|Date(s):||February 9, 1795|
|Location(s):||Wake, North Carolina|
|Tag(s):||Importation, Slavery, Slave Trade|
|Course:||“American Civilizations to 1877,” University of North Carolina at Pembroke|
|Rating:||5 (3 votes)|
"By the gentleman just arrived from Raleigh, the seat of government in North Carolina, We learn that the assembly of that state have passed a law to prohibit further importation of slaves into that state, either by land or sea, from any part of the world." This strong statement described North Carolina's bill banning the importation of slaves into the state. Slaves in North Carolina worked hard growing tobacco and other crops. They generated great wealth for the slave holders, but they did not earn anything in return, and they had no legal rights. The government banned the slaves' importation in North Carolina in part to protect slaves' value, and it was a sign of North Carolina's opposition to the slave trade.
The government of North Carolina did what it could to prohibit the importation of slaves into the state, banning the importation of foreign slaves in 1786. Moreover, under a state law passed in 1816, any person who brought foreign slaves into the state of North Carolina, in opposition to Congress's ban on the transatlantic slave trade, would forfeit their slave property. The state would then sell the slaves and keep the profits from the sale. These strict regulations made sure citizens did not buy slaves from any other parts of world.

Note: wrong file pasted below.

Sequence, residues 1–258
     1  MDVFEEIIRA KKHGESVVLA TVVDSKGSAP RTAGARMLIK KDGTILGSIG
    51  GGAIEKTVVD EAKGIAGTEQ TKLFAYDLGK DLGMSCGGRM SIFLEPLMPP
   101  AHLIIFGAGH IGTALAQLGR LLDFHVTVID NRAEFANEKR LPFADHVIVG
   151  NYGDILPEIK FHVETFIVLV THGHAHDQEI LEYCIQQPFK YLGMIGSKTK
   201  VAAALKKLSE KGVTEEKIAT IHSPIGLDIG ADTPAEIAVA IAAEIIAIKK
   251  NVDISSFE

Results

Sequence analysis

North Carolina, New York, Maryland, Delaware, Massachusetts, Pennsylvania, Georgia, Connecticut, and Rhode Island all prohibited the importation of slaves before 1800. Prohibiting the importation of slaves was also a very important event for the American Congress, and in 1808, as soon as allowed under the U.S. Constitution, Congress agreed to forbid the importation of slaves without opposition. "In 1819, Congress declared the slave-trade to be piracy, though," according to historian Hubert H. Bancroft, "none of its participants seem to have been condemned as pirates." Furthermore, the declaration was not only for a particular state, but was a national declaration for all the states of America. The declaration was necessary in that time, because the slave holders living in the Southern part of the country realized that slave trade might cause an explosion in the slaves' population, and they were afraid that slaves would fight against them for freedom. Furthermore, they had enough slaves to produce children, who were the potential slaves of the future, so they did not need extra slaves. For this reason, they allowed the declaration stopping the slave trade. Although prohibiting the importation of slaves was not as important as abolishing slavery, prohibiting the importation of slaves was a very important step toward abolishing slavery.